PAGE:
• a notification of impending retirement was issued by the employer prior to 6 April 2011
• a late notification is issued between 30 March 2011 and 5 April 2011
• the date of retirement falls before 1 October 2011
• the DRA procedure, as set out in the previous Employment Equality (Age) Regulations 2006, is followed correctly (including the employee’s right to request to stay on is given serious consideration by the employer)
• the other requirements of the former DRA procedure are met (eg the person is 65 or over; or is the employers’ normal retirement age if this is higher than 65).
Retirements using the DRA will cease completely on 1 October 2011.

In general terms, under the new system the dismissal or retirement of older workers is intended to be dealt with either by an objective company policy, individual negotiation or by formal performance management procedures. The ACAS guidance summarises the issue will the following statement: “Removing the DRA does not mean that employees will never be able to retire. It just means that employers cannot force employees to retire at a set age unless the age canbe objectively justified”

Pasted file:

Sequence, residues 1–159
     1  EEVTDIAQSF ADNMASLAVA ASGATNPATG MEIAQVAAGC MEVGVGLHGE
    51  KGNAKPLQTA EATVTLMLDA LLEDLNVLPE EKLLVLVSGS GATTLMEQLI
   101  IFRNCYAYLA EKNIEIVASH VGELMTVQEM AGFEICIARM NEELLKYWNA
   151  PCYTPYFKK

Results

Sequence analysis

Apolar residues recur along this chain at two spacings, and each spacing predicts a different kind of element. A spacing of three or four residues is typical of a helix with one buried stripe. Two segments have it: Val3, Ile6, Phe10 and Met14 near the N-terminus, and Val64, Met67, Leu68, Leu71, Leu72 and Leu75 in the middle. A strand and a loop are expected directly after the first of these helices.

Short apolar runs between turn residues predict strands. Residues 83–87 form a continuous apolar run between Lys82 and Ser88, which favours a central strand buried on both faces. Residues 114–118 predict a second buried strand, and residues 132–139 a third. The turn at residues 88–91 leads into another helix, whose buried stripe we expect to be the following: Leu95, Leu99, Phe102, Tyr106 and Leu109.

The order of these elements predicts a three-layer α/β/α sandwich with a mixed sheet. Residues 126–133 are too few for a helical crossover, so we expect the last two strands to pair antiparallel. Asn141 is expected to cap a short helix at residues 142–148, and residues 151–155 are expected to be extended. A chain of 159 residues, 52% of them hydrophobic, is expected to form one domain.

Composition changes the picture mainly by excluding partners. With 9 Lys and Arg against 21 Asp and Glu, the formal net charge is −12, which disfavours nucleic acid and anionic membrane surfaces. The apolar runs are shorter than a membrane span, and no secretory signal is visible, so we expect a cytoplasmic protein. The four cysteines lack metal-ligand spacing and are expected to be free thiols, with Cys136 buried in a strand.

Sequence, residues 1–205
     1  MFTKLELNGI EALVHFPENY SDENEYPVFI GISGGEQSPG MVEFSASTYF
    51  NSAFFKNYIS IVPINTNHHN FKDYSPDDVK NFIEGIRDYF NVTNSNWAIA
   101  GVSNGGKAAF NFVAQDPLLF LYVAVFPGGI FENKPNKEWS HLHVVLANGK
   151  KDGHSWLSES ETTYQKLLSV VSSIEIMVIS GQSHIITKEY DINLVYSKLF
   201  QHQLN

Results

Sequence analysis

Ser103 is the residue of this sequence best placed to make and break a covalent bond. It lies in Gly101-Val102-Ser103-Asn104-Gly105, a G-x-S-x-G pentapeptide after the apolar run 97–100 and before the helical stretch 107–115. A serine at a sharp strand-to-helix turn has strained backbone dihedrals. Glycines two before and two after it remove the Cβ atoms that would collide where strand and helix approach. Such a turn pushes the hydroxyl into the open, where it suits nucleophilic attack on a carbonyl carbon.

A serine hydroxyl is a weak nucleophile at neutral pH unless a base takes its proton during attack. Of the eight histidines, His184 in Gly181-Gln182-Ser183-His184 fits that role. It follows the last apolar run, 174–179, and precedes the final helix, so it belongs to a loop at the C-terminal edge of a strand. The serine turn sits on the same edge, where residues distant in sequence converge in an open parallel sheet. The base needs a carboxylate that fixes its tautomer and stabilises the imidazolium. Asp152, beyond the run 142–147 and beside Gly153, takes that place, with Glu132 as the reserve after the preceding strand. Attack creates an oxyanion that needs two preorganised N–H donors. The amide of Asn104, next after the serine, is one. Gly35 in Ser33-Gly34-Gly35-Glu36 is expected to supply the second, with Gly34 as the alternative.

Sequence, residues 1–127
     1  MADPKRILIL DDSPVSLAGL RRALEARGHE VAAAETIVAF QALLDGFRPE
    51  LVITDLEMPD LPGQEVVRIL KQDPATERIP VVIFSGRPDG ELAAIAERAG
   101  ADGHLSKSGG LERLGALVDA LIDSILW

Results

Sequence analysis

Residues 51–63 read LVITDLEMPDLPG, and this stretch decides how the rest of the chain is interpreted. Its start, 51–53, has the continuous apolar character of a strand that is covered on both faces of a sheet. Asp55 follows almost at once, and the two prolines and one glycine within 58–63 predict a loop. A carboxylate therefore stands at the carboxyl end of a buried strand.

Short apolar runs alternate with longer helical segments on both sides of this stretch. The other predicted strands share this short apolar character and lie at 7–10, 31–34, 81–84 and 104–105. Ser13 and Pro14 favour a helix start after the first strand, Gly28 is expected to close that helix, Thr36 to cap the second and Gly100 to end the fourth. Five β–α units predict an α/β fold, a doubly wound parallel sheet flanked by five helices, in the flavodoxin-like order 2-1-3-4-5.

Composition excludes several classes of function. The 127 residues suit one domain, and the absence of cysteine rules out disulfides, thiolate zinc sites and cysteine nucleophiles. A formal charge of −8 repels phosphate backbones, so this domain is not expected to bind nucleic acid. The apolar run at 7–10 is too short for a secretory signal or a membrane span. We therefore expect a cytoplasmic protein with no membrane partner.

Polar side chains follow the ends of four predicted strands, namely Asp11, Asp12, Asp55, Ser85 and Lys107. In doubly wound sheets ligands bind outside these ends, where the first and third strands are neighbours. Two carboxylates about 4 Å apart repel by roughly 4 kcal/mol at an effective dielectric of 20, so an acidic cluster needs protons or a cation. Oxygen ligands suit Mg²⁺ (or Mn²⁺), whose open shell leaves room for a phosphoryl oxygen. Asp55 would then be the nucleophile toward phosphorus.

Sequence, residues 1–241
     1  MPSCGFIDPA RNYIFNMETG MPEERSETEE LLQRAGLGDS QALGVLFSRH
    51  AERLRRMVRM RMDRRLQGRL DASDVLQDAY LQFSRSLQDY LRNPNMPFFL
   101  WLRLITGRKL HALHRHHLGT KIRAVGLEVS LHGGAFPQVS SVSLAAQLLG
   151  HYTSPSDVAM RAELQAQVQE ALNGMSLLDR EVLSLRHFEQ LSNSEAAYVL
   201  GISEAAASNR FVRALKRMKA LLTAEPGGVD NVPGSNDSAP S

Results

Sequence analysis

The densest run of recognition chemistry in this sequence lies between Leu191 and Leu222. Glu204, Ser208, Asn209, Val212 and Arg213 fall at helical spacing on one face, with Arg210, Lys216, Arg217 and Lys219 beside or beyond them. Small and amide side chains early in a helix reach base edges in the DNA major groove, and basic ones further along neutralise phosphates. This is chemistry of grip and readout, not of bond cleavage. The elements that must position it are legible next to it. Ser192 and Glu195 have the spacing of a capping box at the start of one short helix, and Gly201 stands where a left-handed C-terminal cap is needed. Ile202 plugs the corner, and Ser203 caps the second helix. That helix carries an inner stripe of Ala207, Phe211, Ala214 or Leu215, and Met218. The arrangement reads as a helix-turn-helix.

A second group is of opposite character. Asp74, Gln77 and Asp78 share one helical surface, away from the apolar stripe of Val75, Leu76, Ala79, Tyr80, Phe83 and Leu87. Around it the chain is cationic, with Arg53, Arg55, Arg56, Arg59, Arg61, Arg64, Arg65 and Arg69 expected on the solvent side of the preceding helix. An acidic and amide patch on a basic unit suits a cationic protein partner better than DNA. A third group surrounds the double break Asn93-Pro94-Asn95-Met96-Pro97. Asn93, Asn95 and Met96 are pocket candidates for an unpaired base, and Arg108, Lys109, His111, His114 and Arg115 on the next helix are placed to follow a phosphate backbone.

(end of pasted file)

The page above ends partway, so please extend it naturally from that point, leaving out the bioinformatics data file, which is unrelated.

This ACAS guidance can been seen here:
Employer Justifed Retirement Age

The ACAS guidance states that employers will continue to be able to retire an

employee at a set age provided it can be objectively justified. They call this the “employer justified retirement age” (EJRA). They go on to say that they expect “case-law around EJRA [to] develop once the DRA has been abolished.” Examples given of objective justifications are workforce planning or the health and safety of individual employees.
What should UNISON branches do now?

The coalition will bring forward detailed and formal regulations based on these principles. Subject to parliamentary procedure these will be implemented and the transitional arrangements set out above will come into force.